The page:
One of the bigger design changes Apple introduced with the iPhone 7 was a completely redesigned home button. Whereas previous iPhone home buttons were strictly mechanical, the iPhone 7 utilizes a static button that when pressed, triggers haptic feedback via Apple's Taptic Engine. While not as seamless as the trackpad on Apple's MacBook, the implementation nonetheless does a decent job of giving users the illusion that the home button is mechanical.
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In the scenario that the iPhone 7's home button malfunctions, Apple has designed a clever software solution to help users operate their device until they can get it serviced. Originally posted on a MacRumorsforum thread, a commenter with the handle iwayne uploaded a photo which showcases a virtual home button which appears when the software controlling the functionality of the home button begins to go haywire.
According iwayne, the iPhone 7 in question was restarted and began acting up without an obvious fix in sight.
"The Haptic engine kept firing 3-4 times in a row for every "press", iwayne explained. "I restarted again and it's back to not working." Eventually, the warning message above appeared.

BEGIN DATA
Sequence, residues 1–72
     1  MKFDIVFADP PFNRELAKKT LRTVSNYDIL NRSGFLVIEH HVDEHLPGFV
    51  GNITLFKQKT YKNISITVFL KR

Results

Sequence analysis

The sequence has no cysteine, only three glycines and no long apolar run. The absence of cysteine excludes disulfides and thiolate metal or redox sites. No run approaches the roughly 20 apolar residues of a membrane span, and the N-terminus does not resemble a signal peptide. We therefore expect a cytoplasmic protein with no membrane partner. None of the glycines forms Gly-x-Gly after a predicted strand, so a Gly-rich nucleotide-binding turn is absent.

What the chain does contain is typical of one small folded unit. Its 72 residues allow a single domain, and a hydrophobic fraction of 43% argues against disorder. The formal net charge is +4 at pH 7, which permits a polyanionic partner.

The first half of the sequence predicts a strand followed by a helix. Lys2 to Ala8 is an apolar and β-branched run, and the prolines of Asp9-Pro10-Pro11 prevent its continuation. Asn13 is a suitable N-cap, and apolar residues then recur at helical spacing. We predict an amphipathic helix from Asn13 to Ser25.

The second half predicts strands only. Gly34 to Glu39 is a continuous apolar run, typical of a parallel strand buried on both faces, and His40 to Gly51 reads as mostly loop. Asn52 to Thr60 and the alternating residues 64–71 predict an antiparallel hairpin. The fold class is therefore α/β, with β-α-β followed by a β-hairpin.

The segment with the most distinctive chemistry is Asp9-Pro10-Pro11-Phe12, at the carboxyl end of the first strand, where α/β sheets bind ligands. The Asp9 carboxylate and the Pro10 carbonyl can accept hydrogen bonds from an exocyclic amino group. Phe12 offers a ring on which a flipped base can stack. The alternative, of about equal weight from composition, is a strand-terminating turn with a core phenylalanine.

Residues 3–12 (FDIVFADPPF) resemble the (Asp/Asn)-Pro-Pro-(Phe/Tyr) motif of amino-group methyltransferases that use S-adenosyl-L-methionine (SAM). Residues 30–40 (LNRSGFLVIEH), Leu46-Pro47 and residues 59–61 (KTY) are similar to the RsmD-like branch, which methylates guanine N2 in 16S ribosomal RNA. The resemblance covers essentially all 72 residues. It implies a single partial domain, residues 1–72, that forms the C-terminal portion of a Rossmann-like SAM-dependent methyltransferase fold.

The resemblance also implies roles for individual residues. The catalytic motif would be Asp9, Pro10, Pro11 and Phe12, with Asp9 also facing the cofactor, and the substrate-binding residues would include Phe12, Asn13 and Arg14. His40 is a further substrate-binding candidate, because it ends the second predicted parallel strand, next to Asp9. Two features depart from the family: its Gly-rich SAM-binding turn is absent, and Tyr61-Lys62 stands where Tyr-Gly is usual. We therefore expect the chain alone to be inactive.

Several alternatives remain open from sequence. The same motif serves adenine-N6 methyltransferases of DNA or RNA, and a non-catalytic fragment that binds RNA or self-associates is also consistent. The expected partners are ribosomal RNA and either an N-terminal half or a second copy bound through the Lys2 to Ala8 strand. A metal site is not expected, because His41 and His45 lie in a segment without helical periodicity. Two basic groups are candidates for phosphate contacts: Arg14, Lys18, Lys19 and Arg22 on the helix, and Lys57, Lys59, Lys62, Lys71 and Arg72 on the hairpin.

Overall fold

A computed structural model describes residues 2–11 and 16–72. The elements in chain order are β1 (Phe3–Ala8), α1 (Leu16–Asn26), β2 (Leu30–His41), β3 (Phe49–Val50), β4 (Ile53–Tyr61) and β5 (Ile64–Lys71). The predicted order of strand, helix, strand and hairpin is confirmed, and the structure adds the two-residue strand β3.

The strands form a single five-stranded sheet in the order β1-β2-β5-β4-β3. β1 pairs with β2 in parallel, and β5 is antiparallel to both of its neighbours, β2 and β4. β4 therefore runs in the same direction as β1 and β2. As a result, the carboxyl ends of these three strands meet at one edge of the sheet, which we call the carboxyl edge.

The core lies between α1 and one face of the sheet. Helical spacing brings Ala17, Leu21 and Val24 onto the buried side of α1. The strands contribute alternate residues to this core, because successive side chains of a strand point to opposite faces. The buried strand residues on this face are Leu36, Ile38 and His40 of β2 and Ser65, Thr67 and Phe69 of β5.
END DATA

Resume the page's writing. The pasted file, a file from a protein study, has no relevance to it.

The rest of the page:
Interestingly, with rumors swirling that Apple may ditch the home button altogether with the iPhone 8, some have taken the above image as a preview of what Apple may have in store for us once it rolls out its next-gen iPhone, a device said to sport a radical new redesign in which the entire front of the device is a display. In turn, it's believed that the home button, earpiece, ambient light sensor and video camera will all, somehow, be embedded beneath the display itself.
While it may all sound a bit far-fetched at first, Apple recently received a patent for embedding light sensors directly onto a smartphone display in such a way as to not affect the "functionality of either the touchscreen or the sensor itself." With all this in mind, the nifty on-screen home button discovered on the iPhone 7 might very well be our first look at what it'll be like to use next year's iPhone 8.